The Bernstein & Byres Prize 2021



We are pleased to announce that Muchtar Habibi has been awarded the 2021 Bernstein & Byres Prize for his article “Masters of the countryside and their enemies: class dynamics of agrarian change in Java“, Journal of Agrarian Change, 2021, 21(4): 720-746. The author is a Lecturer in the Department of Management and Public Policy, Faculty of Social and Political Sciences, Universitas Gadjah Mada, Indonesia.

The Bernstein & Byres Prize has been awarded since 2008 by the Journal of Agrarian Change (JAC) to the best article published in that year. An award of £500 is given to the winner (donated by our publisher, John Wiley & Sons, Ltd). Articles are judged on: (a) their quality as works of political economy; (b) their analytical power; (c) their originality; and (d) the quality of evidence presented and its deployment. Through this, we hope to reinforce the remit of the Journal in the field of agrarian political economy and to encourage scholarly work investigating the social relations and dynamics of production, property and power in agrarian formations and their processes of change, both historical and contemporary.

For the prize for 2021, a jury of five were asked to assess five articles shortlisted by the Journal’s editors. The other articles included on the shortlist were, in alphabetical order:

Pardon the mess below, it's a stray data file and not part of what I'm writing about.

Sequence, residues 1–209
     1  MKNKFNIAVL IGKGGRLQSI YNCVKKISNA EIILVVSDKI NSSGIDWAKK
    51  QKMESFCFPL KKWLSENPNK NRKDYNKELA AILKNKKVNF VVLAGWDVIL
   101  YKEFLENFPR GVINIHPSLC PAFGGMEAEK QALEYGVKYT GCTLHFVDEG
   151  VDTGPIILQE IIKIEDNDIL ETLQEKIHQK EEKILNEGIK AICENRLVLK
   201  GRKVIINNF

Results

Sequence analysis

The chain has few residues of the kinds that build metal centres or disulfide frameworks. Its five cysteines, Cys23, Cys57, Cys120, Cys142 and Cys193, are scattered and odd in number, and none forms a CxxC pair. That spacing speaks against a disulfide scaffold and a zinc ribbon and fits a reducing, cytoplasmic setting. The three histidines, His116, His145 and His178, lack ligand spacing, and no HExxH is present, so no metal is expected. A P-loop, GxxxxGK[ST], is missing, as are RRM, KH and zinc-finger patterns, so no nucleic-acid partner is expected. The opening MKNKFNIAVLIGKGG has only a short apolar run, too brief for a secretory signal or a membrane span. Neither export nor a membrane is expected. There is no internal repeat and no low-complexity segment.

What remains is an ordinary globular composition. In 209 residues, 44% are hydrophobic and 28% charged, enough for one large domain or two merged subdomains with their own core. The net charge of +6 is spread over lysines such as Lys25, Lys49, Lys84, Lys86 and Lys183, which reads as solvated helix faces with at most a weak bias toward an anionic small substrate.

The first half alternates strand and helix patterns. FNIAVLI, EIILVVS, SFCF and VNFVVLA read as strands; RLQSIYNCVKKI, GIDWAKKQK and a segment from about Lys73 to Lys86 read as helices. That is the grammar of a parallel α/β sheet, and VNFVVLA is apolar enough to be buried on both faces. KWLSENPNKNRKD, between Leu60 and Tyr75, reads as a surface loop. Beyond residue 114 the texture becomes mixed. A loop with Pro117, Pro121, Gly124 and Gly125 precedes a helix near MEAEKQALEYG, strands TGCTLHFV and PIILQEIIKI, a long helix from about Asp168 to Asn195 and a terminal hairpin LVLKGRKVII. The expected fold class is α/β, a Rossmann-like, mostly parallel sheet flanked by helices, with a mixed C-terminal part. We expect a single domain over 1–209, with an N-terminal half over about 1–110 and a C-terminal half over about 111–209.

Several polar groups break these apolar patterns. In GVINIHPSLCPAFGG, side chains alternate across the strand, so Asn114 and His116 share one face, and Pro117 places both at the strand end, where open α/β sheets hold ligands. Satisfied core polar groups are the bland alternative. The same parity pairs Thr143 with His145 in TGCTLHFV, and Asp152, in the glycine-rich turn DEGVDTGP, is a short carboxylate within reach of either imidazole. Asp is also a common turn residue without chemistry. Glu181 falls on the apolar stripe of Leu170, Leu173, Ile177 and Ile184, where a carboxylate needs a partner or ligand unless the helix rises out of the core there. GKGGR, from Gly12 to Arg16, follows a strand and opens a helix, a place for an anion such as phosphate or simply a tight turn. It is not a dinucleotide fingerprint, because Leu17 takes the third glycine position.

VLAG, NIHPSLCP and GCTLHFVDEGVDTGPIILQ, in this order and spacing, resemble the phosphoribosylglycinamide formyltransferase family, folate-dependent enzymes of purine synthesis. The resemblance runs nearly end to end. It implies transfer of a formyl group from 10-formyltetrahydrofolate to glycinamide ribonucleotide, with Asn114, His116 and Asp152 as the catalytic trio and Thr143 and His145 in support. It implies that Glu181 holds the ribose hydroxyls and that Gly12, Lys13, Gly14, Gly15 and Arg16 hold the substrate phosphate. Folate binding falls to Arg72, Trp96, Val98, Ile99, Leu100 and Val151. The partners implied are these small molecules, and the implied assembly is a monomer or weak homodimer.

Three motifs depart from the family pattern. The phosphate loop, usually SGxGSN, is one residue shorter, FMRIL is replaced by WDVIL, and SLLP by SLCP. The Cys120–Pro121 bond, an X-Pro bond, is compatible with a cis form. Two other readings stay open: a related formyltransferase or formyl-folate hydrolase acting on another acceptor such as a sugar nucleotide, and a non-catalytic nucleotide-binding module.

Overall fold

• Diego Ayala-McCormick, “Colonialism, efficiency and development: Land reforms in Puerto Rico,1935-45”, Journal of Agrarian Change, 2021, 21(2): 394-416.
  • Samantha Argawal, “Indebted by dispossession. Long-term impacts of a Special Economic Zone on caste inequality”, Journal of Agrarian Change, 2021, 21(3): 459-484.
  • Geoff Goodwin, “Fictitious commodification and agrarian change: Indigenous peoples and land markets in Highland Ecuador”, Journal of Agrarian Change, 2021, 21(1):  3-24.
  • Pedro Salgado, “The transition debate in Brazilian history: The bourgeois paradigm and its critique”, Journal of Agrarian Change, 2021, 21(2): 263-284.

Muchtar Habibi is the final winner. His analysis of class dynamics of agrarian change in rural Java explores the complexity of class locations to understand class relations and politics. He argues that understanding how capitalist farmers and classes of labour negotiate wages and working conditions requires analysis of how the first may hold powerful positions in non-agricultural spheres of rural villages and how the second makes a living from various forms of wage and non-wage labour, within and outside agriculture. His study also contributes to a rich body of earlier literature on the Javanese rice economy. As one of our jury members stated, “The political economy is of a specially high order, the analytical content is particularly penetrating, and the fieldwork stands out in the tenacity with which it is pursued’. Habibi’s emphasis on agrarian and social differentiation and power relations in rural Java comes in for particular praise.

The editors of JAC would like to congratulate Muchtar Habibi on his notable achievement and especially for providing an excellent example of empirically grounded analysis of the complexities of class relations and locations in agrarian change dynamics. The Journal of Agrarian Change looks forward to welcoming submissions that engage in intellectually ambitious and empirically rigorous work in agrarian political economy.